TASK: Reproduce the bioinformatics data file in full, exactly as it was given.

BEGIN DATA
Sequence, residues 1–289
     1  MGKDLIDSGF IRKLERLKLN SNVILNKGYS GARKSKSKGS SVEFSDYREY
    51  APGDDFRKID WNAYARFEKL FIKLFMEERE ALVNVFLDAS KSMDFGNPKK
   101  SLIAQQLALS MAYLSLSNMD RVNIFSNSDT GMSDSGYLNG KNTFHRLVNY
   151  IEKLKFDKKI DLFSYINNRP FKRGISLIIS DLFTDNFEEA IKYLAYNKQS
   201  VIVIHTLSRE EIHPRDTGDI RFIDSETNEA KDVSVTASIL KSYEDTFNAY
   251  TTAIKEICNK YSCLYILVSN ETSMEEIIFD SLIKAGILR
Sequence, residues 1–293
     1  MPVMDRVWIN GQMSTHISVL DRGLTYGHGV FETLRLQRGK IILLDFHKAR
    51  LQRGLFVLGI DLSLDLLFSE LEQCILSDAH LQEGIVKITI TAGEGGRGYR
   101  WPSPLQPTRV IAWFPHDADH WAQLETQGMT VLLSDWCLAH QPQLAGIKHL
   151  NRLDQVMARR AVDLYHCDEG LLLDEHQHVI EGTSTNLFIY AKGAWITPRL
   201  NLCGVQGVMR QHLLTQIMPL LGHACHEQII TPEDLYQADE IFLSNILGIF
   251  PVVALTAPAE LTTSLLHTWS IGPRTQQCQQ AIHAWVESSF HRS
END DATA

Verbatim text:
Sequence, residues 1–289
     1  MGKDLIDSGF IRKLERLKLN SNVILNKGYS GARKSKSKGS SVEFSDYREY
    51  APGDDFRKID WNAYARFEKL FIKLFMEERE ALVNVFLDAS KSMDFGNPKK
   101  SLIAQQLALS MAYLSLSNMD RVNIFSNSDT GMSDSGYLNG KNTFHRLVNY
   151  IEKLKFDKKI DLFSYINNRP FKRGISLIIS DLFTDNFEEA IKYLAYNKQS
   201  VIVIHTLSRE EIHPRDTGDI RFIDSETNEA KDVSVTASIL KSYEDTFNAY
   251  TTAIKEICNK YSCLYILVSN ETSMEEIIFD SLIKAGILR
Sequence, residues 1–293
     1  MPVMDRVWIN GQMSTHISVL DRGLTYGHGV FETLRLQRGK IILLDFHKAR
    51  LQRGLFVLGI DLSLDLLFSE LEQCILSDAH LQEGIVKITI TAGEGGRGYR
   101  WPSPLQPTRV IAWFPHDADH WAQLETQGMT VLLSDWCLAH QPQLAGIKHL
   151  NRLDQVMARR AVDLYHCDEG LLLDEHQHVI EGTSTNLFIY AKGAWITPRL
   201  NLCGVQGVMR QHLLTQIMPL LGHACHEQII TPEDLYQADE IFLSNILGIF
   251  PVVALTAPAE LTTSLLHTWS IGPRTQQCQQ AIHAWVESSF HRS